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A Congressional candidate explains how he became "hard-wired" to raise money

Andrew Prokop is a senior politics correspondent at Vox, covering the White House, elections, and political scandals and investigations. He’s worked at Vox since the site’s launch in 2014, and before that, he worked as a research assistant at the New Yorker’s Washington, DC, bureau.

Want to know what it's like to run for Congress? One recent first-time candidate has written a lengthy first-person account of his effort in Politico Magazine — and it isn't pretty.

When Matt Miller decided to make a bid for the retiring Henry Waxman's House seat in Los Angeles, he was no stranger to politics. Miller had worked in the Clinton White House, written political columns for the Washington Post, and hosted a public radio talk show. But he wasn't prepared for how the imperative for campaign cash would dominate nearly his entire campaign — and would change him as a person. Miller writes:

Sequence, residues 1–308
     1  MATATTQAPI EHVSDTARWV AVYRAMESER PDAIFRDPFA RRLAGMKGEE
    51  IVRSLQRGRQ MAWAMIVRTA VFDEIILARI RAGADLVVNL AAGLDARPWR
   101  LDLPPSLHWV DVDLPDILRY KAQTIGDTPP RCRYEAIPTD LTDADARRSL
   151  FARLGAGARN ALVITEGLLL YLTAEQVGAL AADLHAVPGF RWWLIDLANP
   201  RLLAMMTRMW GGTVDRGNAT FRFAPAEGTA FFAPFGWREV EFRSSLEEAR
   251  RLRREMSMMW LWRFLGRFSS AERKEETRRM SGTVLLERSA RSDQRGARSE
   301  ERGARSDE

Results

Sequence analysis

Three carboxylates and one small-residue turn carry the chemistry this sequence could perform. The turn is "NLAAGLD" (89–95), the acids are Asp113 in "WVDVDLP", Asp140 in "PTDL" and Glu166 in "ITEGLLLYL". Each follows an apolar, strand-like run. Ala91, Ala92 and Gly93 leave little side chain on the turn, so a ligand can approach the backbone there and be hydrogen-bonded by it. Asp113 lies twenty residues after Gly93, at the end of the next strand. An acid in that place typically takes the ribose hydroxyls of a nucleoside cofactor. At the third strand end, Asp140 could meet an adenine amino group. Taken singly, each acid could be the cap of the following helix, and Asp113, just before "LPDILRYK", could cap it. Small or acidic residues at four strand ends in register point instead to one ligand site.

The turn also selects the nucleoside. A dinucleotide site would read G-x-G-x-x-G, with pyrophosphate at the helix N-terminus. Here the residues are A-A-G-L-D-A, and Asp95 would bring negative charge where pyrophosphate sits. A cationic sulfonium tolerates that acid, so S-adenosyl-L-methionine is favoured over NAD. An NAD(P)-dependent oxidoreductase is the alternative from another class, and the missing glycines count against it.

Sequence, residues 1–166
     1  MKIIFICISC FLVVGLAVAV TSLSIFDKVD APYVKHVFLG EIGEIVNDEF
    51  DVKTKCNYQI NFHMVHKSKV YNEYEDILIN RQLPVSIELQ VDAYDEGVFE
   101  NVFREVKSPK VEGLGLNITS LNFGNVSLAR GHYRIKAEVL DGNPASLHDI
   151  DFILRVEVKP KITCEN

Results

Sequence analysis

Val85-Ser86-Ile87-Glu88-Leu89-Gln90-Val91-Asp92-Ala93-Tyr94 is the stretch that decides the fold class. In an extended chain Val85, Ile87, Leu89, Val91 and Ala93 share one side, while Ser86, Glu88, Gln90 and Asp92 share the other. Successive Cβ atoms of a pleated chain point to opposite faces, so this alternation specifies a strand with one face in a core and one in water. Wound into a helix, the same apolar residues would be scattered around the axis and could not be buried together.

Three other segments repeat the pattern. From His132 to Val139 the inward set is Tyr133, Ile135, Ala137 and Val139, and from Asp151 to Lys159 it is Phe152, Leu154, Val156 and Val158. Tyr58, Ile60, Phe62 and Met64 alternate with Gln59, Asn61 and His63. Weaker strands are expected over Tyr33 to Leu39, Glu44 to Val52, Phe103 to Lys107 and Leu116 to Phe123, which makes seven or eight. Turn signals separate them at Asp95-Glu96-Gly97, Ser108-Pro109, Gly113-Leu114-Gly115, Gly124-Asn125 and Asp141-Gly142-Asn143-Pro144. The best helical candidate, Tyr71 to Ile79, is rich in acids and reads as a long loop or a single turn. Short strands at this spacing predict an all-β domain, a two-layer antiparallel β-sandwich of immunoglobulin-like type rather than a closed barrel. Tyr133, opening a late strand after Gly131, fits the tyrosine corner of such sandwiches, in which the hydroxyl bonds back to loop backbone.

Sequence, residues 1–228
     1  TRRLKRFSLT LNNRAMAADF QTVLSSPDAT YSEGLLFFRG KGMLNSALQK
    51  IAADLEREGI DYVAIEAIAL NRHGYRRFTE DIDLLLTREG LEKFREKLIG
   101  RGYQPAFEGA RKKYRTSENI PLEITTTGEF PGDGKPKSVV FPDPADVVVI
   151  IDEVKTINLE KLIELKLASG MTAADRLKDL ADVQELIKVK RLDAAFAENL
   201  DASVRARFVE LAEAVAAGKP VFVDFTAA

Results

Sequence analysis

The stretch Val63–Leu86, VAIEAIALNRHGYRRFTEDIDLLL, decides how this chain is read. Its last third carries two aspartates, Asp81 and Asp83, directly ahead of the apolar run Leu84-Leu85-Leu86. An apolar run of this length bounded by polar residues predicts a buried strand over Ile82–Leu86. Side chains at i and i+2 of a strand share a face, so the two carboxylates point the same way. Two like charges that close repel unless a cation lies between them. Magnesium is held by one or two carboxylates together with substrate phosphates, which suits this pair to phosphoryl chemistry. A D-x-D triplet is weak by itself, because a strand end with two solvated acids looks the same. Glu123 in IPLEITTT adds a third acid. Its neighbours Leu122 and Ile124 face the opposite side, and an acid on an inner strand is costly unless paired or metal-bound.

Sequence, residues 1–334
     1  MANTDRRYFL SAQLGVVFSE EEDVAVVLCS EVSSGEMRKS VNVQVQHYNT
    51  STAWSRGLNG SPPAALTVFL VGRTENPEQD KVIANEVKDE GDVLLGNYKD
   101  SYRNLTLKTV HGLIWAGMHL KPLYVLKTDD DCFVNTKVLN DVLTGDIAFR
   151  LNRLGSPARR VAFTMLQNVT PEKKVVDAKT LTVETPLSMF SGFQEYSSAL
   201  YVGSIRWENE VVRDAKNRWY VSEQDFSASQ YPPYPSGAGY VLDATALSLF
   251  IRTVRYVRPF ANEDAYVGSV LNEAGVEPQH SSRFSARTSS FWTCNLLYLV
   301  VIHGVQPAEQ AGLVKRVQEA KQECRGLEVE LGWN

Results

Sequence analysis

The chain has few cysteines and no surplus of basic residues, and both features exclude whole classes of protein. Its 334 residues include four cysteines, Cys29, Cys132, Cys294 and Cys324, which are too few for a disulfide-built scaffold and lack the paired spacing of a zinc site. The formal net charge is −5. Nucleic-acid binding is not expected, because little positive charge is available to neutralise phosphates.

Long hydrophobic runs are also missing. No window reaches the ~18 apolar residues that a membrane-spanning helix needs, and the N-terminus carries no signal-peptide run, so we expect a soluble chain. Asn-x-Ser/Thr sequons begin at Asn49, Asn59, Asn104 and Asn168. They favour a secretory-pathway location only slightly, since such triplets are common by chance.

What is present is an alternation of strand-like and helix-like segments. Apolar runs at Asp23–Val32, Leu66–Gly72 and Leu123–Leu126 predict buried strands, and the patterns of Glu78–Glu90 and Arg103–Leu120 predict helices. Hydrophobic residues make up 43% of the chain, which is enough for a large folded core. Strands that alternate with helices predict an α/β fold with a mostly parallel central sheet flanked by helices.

Campaign fundraising is a bizarre, soul-warping endeavor. You spend your time endlessly adding to lists of people who might be in a position to help. You enter them on a spreadsheet (dubbed "The Tracker") and sort the names from high to low in terms of their giving potential. You start to think of every human being in your orbit as having a number attached to them. You book breakfasts, lunches, coffees and drinks at which you make the case for your candidacy ... and ask for money. Always money. You call dozens of people a day ... and ask for money. When people ask how they can help, you mostly ask them for the names of folks you can ... ask for money.

Since Miller's rivals had better name recognition and ties to local interest groups, Miller's consultants advised him that expensive ad campaigns were the only way to get his name and message in front of the district's voters. He ended up raising $848,440 — but his key opponents raised even more.

In the end, it wasn't enough — Miller came in fifth place in the 18-candidate field, with just 12 percent of the vote. Head over to Politico Magazine to read his lengthy, enlightening account of his experience: "Mr. Miller Doesn't Go to Washington."

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